I turned down offers from 3 large healthcare systems to become their Chief Medical Informatics Officer and walked away from a blossoming health tech startup that I had founded to return to life in clinical medicine. I reached this difficult decision just over a year ago. Before that, I was spending most of my waking hours writing code with one foot in San Francisco and the other in NYC. The differences between startups and hospitals are dramatic and have their roots in organization (or lack thereof).
1. If hospitals were run like startups, electronic medical records such as Cerner’s Powerchart and eClinical Works would be laughed at, not adopted.
(I recently counted how many mouse clicks it takes to write a patient note in Cerner’s Powerchart. Each “progress note,” of which physicians can write two dozen or more each day, takes about 250 mouse clicks to navigate (not including the textual content of the note!). A “history and physical” takes about 350 clicks to document — this again does not include the actual textual content of the note, just navigating awkward menus.
(Would anyone use Facebook if updating one’s status took 350+ clicks?)
2. If hospitals were run like startups, they wouldn’t adopt software so poorly designed and non-intuitive that it takes months to train people how to use it.
Can you imagine holding a week-long training course to teach employees how to use an iPhone, hiring a team of full-time employees to “support” these captive users, and constantly reinforce how to use tragically chosen hardware and software?
3. If hospitals were run like startups, there would be transparency in how organizations operate and how decisions are made.
Scrum would be the name of the game, and yes, even the Scrum Master can be overthrown as spectacularly as the most entrenched Middle Eastern dictator.
I speak from personal experience both as a startup guy selling hospitals software, and now as a hospital employee, when I say that politics frequently predominate an organization’s decision to purchase particular enterprise software. “IT committees” don’t choose the best piece of software for the job; much of this decision-making is based on kick-backs and sales that lead directly or indirectly to an individual(s) gains.
(The authors have no conflicts of interest to declare.)
4. If hospitals were run like startups, decisions regarding the implementation of technology in the workplace would be made by experts and thought leaders.
Instead, this critical task is relegated to IT committees headed by retired nurses and physicians with little to no grasp of how modern web and mobile technology works.
5. If hospitals were run like startups, no one would hesitate to invest in sound software and hardware because this is the highest-yield investment an organization can make in the year 2015.
6. If hospitals were run like startups, they wouldn’t spend hundreds of thousands of dollars for enterprise software only to realize a few months later that it doesn’t run on any of the hospital computers.
(Yes, I’ve seen this happen. Seriously.)
7. If hospitals were run like startups, personal merit, not seniority, would determine who is allowed to call shots.
8. If hospitals were run like startups, machines would run Unix-based operating systems.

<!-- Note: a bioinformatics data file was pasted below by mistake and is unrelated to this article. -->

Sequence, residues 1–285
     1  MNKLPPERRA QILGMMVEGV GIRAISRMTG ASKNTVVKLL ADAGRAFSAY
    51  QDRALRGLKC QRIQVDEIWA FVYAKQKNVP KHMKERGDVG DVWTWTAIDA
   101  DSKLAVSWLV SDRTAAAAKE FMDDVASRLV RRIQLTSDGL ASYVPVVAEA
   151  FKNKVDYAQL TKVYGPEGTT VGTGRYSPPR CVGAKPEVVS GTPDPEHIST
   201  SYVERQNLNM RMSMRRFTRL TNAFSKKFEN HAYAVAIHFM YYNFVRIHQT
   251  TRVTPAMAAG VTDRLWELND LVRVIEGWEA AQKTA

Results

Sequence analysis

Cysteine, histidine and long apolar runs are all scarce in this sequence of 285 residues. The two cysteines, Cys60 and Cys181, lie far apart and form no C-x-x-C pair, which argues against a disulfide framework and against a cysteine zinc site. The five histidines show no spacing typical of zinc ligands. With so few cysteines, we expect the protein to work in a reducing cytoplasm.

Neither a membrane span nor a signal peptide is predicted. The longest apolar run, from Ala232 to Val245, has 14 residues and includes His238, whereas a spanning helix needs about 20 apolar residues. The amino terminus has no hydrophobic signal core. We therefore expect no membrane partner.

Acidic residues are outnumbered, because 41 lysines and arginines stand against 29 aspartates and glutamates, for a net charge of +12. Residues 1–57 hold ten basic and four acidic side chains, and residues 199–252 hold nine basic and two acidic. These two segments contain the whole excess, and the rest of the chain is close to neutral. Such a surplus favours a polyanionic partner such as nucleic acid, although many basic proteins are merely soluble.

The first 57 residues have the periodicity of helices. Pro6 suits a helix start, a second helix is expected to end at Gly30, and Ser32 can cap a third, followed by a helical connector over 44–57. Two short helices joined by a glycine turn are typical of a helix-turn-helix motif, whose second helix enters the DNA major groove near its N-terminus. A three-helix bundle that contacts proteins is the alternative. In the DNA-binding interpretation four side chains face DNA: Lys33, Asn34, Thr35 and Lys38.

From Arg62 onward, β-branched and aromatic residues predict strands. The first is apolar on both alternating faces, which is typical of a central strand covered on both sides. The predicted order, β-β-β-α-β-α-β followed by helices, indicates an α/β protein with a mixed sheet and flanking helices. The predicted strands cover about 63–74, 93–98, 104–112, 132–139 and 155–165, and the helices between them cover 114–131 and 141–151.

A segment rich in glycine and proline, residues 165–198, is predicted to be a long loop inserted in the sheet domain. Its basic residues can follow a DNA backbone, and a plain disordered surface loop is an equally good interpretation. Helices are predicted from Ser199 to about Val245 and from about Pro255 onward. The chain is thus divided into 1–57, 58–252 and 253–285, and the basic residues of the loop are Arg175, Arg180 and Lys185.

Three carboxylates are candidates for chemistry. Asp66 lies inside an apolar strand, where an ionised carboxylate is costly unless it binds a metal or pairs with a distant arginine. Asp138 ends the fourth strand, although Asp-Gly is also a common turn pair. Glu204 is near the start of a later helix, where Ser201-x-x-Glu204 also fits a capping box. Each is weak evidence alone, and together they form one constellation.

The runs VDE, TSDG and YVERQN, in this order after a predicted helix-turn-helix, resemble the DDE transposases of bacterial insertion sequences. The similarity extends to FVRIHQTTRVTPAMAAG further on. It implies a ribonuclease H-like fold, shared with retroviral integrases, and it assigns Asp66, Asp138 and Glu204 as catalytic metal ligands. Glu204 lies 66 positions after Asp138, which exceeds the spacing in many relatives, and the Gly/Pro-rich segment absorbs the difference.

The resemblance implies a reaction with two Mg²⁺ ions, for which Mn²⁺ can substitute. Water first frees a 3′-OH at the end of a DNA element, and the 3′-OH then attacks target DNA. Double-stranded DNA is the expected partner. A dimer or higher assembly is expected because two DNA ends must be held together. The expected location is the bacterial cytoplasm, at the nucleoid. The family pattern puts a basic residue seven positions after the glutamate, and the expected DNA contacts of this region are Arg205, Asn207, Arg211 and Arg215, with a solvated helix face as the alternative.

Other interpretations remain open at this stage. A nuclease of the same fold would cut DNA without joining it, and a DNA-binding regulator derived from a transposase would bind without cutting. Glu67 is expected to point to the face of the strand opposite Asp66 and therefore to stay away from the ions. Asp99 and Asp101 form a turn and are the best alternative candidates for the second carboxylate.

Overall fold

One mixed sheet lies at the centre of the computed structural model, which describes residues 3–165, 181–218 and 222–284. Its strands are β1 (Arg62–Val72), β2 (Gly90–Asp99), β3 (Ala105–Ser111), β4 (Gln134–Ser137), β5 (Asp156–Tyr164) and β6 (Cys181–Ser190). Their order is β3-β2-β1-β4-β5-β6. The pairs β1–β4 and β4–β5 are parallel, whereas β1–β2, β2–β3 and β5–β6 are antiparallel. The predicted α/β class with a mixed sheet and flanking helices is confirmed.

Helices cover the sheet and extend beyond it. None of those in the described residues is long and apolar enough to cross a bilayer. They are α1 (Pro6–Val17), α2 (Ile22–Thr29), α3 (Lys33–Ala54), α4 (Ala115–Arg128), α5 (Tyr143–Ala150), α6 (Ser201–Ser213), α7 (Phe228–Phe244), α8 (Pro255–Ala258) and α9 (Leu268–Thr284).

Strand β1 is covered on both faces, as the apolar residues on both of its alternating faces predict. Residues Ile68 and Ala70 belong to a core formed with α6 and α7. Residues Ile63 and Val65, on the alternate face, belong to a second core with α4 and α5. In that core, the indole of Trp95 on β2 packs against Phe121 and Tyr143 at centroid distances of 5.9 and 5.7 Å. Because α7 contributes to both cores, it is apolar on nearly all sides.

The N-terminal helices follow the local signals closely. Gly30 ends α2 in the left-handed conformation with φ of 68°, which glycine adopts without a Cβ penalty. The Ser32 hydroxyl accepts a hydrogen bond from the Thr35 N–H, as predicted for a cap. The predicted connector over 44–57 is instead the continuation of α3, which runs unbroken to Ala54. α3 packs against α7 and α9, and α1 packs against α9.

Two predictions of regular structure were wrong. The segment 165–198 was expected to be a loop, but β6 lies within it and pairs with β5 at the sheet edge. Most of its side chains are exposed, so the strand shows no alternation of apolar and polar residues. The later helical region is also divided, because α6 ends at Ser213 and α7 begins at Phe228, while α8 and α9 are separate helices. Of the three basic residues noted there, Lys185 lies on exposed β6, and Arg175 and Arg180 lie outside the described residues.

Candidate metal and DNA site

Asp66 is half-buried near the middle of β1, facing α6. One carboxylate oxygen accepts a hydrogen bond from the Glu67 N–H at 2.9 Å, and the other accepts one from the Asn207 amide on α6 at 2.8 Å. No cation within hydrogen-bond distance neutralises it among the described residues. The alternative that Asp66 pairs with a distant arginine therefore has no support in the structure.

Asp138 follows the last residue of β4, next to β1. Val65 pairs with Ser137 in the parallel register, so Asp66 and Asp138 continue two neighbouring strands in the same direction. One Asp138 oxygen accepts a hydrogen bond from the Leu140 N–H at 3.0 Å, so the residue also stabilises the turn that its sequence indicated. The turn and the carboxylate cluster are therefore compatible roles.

Many hospital PCs have not been upgraded in decades and still run Windows XP (or older versions of Windows).
Yes, I’m serious.
(why Google when you can call the Operator?)
9. If hospitals were run like startups, they would nourish and celebrate innovation from its employees.
Large companies like Google and small startups alike give their employees ample time to learn new technologies and cultivate side projects.
Realizing how inefficient one hospital’s current paging system is, I started writing a web app while working the night shift to make this process more efficient. In that particular hospital, nurses randomly page one of the on-call MDs at night, ask if they are responsible for patient John Doe, and hope that they reached the correct physician. The page consists of a 4-digit “callback” number that gives no information on how emergent or non-urgent the call is (which is important in hospitals, as you can imagine). Making things more interesting, the hospital contains many “black holes,” such as the emergency department, where pages can’t be received, and critical pages can disappear into cyberspace.
One of my physician-coder friends makes a living running a gaming website. He avoids healthcare like the bubonic plague. Now I understand why.
10. If hospitals were run like startups, they would use their resources to do more inspiring things than set up firewalls and encrypt hard disks.
“IT” in most hospitals is synonymous with internet security. What about apps that engage patients, monitor patients with chronic illness at home using wearable technology and apps, help patients engage with physicians, and help healthcare professionals do their work more efficiently — so they can spend more time doing the most important, and enjoyable, part of their work: listening to their patients?
I’ve come across a small handful of physician-coders since moving to San Francisco. There aren’t many of us. We are idealists. We love the practice of medicine. We are deeply frustrated that hospitals are run more inefficiently than the most poorly run post offices. We can build things and are effervescing with ideas and enthusiasm.
Our battle with uninspired hospital administrators constipating the flow of innovation may be perpetual. So should our hunger to re-invent this industry.